I was first interested in this Digital Media course because I believed that it would help me further understand how digital media can be used to communicate ideas and stories to people of the 21st century. I thought when I signed up that we would be talking about social media techniques and how it has changed the way people communicate and how it can be harnessed to drive specific messages. Surprisingly, that was not what I got from the course. I got so much more.
I was intentionally shocked when I found out the class was about video games. I have never truly been into video games and I didn’t think it was for me. How could video games teach me how to strategically use media to communicate a message? My mom was shocked when I told her about my decision to stay in the class; and then confused when I told her about all I was learning. Still she would ask: “What can you learn from video games? And now that the class is coming to a close I finally have answers for her.
I found while taking the course that it has everything to do with message, audience, and community. Video games and the video game industry at large incorporate all of social media in order to create a community around a specific game, game console, or even further a community that already exists like the die-hard fans of the Lord of the Rings.
Also, speaking of Lord of the Rings the class has successfully incorporated all kinds of media in relation to gaming from poetry to film in a way to show that all of media is connected and that Digital Media is just a new of shoot of media as a general form.
I will be using the things I learned in this class in the future when I work in creating/producing content for television and the Internet. I have learned about the remediation of text and how that remediating a text can generate an already established fan base. I learned a lot about how to build, cultivate, and create for a community of people who want specific types of things (there it be games, franchises, or otherwise). I will definitely take a lot from this course and I am happy that I decided to step out of my comfort zone and learn about things is a really unique and different way.
Everyone knows the place to be is somewhere like Reach. Imaging walking around in your two ton slab of steel riddled with the most advanced technology known to human-kind. No damage, no fear. Everything about that life sounds appealing. Imagine the adrenaline filled battles and the victorious triumph of slaying hordes of aliens. This life is particularly appealing to me because I grew up in a family that values honor. Come on, who wouldn’t want to carry have the strength and speed of a spartan tearing into Elites? Not only that, but you are feared by the enemy and revered by your fellow comrades. Of course there would be the threat of danger everywhere you went, but what’s life without a little bit of uncertainty? The top secret missions and access to top notch military technology.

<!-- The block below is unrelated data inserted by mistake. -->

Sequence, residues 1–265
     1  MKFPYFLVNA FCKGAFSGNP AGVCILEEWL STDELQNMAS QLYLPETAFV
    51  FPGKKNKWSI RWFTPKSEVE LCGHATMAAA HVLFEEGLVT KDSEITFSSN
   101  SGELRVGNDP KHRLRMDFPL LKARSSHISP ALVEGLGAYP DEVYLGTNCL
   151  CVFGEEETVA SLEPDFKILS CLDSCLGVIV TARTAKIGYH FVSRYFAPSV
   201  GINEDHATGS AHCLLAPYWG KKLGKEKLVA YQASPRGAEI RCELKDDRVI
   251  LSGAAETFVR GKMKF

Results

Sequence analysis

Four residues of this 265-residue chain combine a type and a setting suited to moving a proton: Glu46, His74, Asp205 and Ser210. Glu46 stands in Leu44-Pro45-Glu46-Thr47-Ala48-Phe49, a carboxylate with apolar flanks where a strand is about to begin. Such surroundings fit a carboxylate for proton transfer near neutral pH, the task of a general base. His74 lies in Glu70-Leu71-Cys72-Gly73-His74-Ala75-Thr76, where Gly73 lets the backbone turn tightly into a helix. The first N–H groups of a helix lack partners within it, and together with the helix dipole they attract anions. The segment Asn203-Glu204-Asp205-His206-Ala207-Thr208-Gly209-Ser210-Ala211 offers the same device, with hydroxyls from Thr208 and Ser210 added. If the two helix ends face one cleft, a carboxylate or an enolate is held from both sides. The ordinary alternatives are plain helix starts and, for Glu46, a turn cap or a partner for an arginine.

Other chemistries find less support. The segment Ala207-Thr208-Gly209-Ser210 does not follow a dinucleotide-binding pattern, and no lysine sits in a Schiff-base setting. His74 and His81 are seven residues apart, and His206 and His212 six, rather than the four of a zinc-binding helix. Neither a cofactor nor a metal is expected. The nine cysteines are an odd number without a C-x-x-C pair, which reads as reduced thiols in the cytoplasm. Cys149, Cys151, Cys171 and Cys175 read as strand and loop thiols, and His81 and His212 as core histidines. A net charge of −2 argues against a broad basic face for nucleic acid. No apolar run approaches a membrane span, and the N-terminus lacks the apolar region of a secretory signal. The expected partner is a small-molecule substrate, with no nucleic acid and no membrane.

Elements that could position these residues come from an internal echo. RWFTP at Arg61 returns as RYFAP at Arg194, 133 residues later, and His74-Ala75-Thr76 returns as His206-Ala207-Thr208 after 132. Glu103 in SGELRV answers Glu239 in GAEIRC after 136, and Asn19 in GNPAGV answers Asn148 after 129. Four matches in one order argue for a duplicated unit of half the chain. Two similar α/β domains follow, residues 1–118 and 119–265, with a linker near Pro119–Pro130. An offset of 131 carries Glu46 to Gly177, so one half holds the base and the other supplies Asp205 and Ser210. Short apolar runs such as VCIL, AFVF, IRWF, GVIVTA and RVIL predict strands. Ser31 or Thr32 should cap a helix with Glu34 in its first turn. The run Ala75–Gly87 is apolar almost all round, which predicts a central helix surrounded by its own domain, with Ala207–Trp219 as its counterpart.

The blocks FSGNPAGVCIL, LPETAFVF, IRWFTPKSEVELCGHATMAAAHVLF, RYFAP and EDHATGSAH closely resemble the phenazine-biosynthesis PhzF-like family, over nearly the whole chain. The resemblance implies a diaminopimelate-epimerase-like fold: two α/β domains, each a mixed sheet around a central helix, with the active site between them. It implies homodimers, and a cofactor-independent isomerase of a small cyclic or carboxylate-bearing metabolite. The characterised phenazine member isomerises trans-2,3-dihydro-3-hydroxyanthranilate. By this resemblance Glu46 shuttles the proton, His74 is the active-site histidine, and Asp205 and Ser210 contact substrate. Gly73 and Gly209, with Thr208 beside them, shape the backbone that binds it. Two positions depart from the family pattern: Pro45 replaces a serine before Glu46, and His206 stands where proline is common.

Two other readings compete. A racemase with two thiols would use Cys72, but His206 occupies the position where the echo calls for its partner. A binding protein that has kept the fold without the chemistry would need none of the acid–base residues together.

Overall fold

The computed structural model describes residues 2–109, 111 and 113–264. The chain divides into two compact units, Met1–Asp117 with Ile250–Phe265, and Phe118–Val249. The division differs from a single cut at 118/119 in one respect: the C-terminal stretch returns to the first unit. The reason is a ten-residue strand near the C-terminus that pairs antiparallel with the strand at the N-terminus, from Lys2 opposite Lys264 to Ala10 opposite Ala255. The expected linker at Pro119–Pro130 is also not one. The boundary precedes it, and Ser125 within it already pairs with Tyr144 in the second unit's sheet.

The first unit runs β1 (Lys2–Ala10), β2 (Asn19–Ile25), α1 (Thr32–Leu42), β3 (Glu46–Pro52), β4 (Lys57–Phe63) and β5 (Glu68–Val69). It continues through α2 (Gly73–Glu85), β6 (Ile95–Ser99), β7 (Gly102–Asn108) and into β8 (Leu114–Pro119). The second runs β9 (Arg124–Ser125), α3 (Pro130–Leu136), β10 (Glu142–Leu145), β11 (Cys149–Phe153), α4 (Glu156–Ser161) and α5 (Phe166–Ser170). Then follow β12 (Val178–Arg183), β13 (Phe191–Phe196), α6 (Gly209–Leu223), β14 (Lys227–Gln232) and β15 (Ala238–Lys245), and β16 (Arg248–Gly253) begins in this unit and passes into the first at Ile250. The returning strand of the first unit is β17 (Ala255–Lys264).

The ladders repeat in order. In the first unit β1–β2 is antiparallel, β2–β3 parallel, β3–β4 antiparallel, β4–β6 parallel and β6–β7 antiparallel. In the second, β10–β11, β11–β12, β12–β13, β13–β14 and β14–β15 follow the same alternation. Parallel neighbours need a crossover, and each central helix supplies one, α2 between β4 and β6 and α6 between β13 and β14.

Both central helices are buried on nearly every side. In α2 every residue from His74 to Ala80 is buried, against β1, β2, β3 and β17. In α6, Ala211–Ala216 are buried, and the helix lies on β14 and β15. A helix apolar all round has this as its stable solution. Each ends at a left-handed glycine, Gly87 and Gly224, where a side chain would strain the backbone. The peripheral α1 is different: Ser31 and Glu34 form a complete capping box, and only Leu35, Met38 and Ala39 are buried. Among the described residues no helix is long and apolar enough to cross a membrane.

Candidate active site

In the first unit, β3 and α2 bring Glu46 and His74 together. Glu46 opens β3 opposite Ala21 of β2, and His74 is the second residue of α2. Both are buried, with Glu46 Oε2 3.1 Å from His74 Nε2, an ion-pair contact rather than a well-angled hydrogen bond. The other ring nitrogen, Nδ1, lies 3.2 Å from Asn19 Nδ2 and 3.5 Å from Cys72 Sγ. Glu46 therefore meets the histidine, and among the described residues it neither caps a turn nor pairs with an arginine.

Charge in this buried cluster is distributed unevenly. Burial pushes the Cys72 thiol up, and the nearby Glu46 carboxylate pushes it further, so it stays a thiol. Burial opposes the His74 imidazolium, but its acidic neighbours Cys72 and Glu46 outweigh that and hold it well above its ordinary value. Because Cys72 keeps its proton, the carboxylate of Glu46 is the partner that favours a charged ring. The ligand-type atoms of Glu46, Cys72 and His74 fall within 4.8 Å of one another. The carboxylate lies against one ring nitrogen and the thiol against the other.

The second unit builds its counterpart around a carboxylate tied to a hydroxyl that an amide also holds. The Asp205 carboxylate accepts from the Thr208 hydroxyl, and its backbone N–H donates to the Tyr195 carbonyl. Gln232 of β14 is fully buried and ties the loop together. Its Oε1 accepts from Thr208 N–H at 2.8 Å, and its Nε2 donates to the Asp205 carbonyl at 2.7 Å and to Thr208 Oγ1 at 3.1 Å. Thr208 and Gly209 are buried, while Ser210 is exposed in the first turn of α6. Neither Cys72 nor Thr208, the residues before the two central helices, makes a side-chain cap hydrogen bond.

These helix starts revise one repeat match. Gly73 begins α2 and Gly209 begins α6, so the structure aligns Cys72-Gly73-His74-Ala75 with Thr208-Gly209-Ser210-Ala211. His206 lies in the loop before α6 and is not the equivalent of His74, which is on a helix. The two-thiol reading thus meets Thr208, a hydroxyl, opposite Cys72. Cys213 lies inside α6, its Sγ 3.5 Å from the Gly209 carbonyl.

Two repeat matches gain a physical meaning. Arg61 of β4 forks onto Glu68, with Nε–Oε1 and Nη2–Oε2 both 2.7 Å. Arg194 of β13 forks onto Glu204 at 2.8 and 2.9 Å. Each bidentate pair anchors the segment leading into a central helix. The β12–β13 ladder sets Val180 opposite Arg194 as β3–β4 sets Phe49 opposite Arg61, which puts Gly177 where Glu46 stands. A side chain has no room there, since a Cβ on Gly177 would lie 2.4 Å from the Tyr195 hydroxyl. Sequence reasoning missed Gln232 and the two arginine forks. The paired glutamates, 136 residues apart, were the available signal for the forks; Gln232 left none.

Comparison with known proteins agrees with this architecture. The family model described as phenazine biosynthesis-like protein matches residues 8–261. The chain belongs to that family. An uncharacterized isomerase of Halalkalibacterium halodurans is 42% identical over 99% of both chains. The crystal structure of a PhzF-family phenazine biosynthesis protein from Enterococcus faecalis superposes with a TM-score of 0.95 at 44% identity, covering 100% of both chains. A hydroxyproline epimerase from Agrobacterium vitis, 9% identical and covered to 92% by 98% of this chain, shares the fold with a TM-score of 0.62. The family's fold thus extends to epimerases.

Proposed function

This live action teaser trailer was definitely the most epic thing that I have ever seen for a videogame. If the actual story and world of Halo hadn’t enticed me enough, this trailer definitely launched it higher. Living in the Halo universe could quite possibly be the greatest thing ever, provided it were possible. Who knows? Maybe the future holds a similar outcome for my own wishes.
A half-black, half-Korean man walks into a virtual bar. It sounds like the beginning of a bad racist joke. Hiro Protagonist, the sword swinging pseudo-ninja, tends to turn heads when he enters a building. His appearance often limits him; for instance, he’s barred from entering New South Africa because he is part black. While this sort of racism seems like a disturbing vision of our nearing future, it is not its most troublesome aspect. No, the most disturbing form of racism demonstrated in Snow Crash occurs in our future virtual reality.
When Y.T. enters the Metaverse, she does not log on from a fancy, expensive computer. She walks onto the Street using a public terminal and immediately, “people start giving her these looks” (Stephenson 220). These looks. Stephenson doesn’t need to explain them further; almost instinctively the reader knows it’s the look-down-your –nose, I’m-better-than-you, go-back-to-where-you-belong, kind of looks. And why? Because she’s using a ‘shitty public terminal.’ She’s a trashy black-and-white person. The scene reminds me of Remember the Titans, when Big Ju, an African-American linebacker, walks into training camp for the first time. Fortunately, fantastic Hollywood movies are all I know of authentic racism. The movie represents a dark side of America’s history: the racially turbulent 50’s. Is it possible the future holds our same mistakes, the Metaverse a bridge to our sinister past?
I’m scared to think that, in 2009, we are not far off from being able to create the Metaverse. We’re just missing the inevitable link. In modern terms the Metaverse is like Videochat meets SecondLife (without the creepy flying). Once these two ideas are connected, how far would be from Stephenson’s imagined virtual world? One of the Internet’s strongest virtues is the inherent anonymity it grants to users. Hidden geniuses, too timid or ugly to speak to a room full of stockholders, can start a multinational without leaving their bedrooms. But what if this anonymity ceased to exist? What if everyone knew what you actually looked like when you logged on to cyber space? Would you prefer to live in the real world, or the virtual world? Or, more succinctly, what’s the difference?
Master of Glugnar, the Magnificent